In mathematics, a fractal is a subset of Euclidean space with a fractal dimension that strictly exceeds its topological dimension. Fractals appear the same at different scales, as illustrated in successive magnifications of the Mandelbrot set. Fractals often exhibit similar patterns at increasingly smaller scales, a property called self-similarity, also known as expanding symmetry or unfolding symmetry; if this replication is exactly the same at every scale, as in the Menger sponge, it is called affine self-similar. Fractal geometry lies within the mathematical branch of measure theory.
One way that fractals are different from finite geometric figures is how they scale. Doubling the edge lengths of a polygon multiplies its area by four, which is two (the ratio of the new to the old side length) raised to the power of two (the dimension of the space the polygon resides in). Likewise, if the radius of a sphere is doubled, its volume scales by eight, which is two (the ratio of the new to the old radius) to the power of three (the dimension that the sphere resides in). However, if a fractal's one-dimensional lengths are all doubled, the spatial content of the fractal scales by a power that is not necessarily an integer. This power is called the fractal dimension of the fractal, and it usually exceeds the fractal's topological dimension.
Analytically, most fractals are nowhere differentiable. An infinite fractal curve can be conceived of as winding through space differently from an ordinary line – although it is still topologically 1-dimensional, its fractal dimension indicates that it also resembles a surface.
Starting in the 17th century with notions of recursion, fractals have moved through increasingly rigorous mathematical treatment to the study of continuous but not differentiable functions in the 19th century by the seminal work of Bernard Bolzano, Bernhard Riemann, and Karl Weierstrass, and on to the coining of the word fractal in the 20th century with a subsequent burgeoning of interest in fractals and computer-based modelling in the 20th century. The term "fractal" was first used by mathematician Benoit Mandelbrot in 1975. Mandelbrot based it on the Latin frāctus, meaning "broken" or "fractured", and used it to extend the concept of theoretical fractional dimensions to geometric patterns in nature.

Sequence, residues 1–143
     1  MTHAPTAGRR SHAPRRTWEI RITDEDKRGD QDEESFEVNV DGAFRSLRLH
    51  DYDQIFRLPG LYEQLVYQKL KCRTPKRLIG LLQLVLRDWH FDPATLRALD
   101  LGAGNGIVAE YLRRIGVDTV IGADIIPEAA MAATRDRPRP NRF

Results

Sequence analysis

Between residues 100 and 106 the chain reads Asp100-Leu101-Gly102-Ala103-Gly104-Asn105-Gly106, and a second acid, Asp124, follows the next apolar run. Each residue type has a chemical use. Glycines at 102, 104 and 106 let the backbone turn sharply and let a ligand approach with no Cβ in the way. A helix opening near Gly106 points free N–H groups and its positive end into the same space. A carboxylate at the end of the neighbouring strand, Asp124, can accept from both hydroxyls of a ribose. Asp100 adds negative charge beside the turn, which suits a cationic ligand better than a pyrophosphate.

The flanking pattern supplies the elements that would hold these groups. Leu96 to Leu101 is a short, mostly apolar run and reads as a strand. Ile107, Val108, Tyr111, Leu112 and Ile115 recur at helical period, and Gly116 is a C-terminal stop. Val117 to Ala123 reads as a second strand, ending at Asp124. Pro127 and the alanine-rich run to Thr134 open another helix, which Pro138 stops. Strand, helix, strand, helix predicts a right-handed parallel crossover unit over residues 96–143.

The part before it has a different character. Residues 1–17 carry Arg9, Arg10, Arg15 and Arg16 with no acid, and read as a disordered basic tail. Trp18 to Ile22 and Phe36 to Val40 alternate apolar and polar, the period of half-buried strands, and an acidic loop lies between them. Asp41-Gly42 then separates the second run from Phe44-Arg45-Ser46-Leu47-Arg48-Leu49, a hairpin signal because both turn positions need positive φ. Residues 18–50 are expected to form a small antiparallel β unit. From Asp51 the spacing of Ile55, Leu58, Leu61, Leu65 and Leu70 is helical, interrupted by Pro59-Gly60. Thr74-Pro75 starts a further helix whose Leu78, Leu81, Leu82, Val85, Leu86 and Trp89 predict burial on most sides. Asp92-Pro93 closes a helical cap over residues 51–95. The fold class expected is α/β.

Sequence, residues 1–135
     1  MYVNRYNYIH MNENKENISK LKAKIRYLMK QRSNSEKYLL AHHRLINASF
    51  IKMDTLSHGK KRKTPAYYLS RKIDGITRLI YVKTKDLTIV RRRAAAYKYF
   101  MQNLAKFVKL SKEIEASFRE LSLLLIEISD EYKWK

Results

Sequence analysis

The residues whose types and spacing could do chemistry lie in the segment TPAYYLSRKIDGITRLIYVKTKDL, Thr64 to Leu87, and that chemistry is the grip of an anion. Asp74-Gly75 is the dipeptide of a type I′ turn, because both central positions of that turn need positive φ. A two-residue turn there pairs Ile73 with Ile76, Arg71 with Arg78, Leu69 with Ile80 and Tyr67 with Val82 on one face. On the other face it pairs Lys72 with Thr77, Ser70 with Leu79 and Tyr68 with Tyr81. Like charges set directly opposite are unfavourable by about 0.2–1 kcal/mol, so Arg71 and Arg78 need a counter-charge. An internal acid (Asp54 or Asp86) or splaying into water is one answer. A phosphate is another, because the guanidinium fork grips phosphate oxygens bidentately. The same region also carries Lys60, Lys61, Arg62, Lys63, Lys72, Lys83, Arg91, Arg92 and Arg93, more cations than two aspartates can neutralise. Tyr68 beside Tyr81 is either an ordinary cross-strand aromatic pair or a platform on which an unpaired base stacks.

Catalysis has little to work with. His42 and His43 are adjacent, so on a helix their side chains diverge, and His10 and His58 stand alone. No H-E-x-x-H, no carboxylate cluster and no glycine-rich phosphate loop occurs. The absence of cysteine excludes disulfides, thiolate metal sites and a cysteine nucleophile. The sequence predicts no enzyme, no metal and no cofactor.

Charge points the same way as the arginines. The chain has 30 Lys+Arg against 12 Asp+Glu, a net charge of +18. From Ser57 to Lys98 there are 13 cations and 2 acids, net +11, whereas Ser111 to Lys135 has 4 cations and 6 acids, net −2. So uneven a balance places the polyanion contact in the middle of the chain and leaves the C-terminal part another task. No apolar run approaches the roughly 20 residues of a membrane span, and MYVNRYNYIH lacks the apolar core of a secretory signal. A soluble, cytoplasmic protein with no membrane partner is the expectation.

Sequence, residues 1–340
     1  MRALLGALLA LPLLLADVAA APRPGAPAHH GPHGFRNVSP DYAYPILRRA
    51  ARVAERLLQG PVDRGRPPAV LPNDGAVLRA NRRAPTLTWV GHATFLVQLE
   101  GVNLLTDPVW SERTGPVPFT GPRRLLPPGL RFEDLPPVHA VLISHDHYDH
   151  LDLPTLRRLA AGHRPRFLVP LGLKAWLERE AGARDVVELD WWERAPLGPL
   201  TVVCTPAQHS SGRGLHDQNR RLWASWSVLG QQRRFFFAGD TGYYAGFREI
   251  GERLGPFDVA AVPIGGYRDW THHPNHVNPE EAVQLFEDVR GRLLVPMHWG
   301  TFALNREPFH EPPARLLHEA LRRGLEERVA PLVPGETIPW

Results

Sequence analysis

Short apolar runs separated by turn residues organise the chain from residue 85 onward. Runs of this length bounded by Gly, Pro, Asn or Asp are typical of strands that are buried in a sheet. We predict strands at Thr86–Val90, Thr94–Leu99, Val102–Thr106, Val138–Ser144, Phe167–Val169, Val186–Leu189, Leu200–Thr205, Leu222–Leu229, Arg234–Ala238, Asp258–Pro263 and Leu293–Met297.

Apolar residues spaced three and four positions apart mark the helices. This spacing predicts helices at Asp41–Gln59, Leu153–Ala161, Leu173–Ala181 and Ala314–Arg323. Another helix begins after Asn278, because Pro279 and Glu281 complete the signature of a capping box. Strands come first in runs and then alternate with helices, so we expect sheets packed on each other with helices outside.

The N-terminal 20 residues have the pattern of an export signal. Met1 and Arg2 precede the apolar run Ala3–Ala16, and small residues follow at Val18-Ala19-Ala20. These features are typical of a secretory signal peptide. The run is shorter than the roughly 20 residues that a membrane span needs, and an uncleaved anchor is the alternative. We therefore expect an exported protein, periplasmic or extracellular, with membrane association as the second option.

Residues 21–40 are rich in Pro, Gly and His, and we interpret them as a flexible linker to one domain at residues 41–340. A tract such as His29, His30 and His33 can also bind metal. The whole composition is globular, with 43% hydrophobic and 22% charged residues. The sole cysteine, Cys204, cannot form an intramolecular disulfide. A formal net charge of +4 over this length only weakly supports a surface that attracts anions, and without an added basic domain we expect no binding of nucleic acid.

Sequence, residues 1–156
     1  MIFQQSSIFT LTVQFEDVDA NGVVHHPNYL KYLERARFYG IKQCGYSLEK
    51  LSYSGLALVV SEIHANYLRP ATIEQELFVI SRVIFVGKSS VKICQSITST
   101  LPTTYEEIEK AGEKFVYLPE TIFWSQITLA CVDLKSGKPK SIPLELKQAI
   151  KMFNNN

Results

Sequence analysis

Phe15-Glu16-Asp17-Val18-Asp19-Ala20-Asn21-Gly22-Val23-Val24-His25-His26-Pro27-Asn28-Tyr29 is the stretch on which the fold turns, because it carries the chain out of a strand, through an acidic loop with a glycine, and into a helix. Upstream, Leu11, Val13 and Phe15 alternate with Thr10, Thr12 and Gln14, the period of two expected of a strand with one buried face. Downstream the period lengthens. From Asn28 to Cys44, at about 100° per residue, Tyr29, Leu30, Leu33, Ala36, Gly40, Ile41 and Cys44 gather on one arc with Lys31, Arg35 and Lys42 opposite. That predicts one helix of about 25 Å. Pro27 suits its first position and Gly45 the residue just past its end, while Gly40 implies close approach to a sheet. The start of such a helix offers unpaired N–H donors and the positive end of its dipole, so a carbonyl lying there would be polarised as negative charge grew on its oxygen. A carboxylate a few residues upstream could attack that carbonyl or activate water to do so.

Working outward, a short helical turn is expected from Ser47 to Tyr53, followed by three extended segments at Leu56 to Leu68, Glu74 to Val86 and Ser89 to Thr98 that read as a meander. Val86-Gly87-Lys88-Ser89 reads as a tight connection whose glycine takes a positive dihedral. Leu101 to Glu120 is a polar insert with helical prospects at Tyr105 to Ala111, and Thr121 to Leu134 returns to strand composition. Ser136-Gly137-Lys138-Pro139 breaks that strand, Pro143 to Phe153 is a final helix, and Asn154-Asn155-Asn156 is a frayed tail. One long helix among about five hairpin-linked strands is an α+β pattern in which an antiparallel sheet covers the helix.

There is some disagreement among mathematicians about how the concept of a fractal should be formally defined. Mandelbrot himself summarized it as "beautiful, damn hard, increasingly useful. That's fractals." More formally, in 1982 Mandelbrot defined fractal as follows: "A fractal is by definition a set for which the Hausdorff–Besicovitch dimension strictly exceeds the topological dimension." Later, seeing this as too restrictive, he simplified and expanded the definition to this: "A fractal is a shape made of parts similar to the whole in some way." Still later, Mandelbrot proposed "to use fractal without a pedantic definition, to use fractal dimension as a generic term applicable to all the variants".
The consensus among mathematicians is that theoretical fractals are infinitely self-similar, iterated, and detailed mathematical constructs having fractal dimensions, of which many examples have been formulated and studied. Fractals are not limited to geometric patterns, but can also describe processes in time. Fractal patterns with various degrees of self-similarity have been rendered or studied in visual, physical, and aural media and found in nature, technology, art, architecture and law. Fractals are of particular relevance in the field of chaos theory because the graphs of most chaotic processes are fractals. Many real and model networks have been found to have fractal features such as self similarity.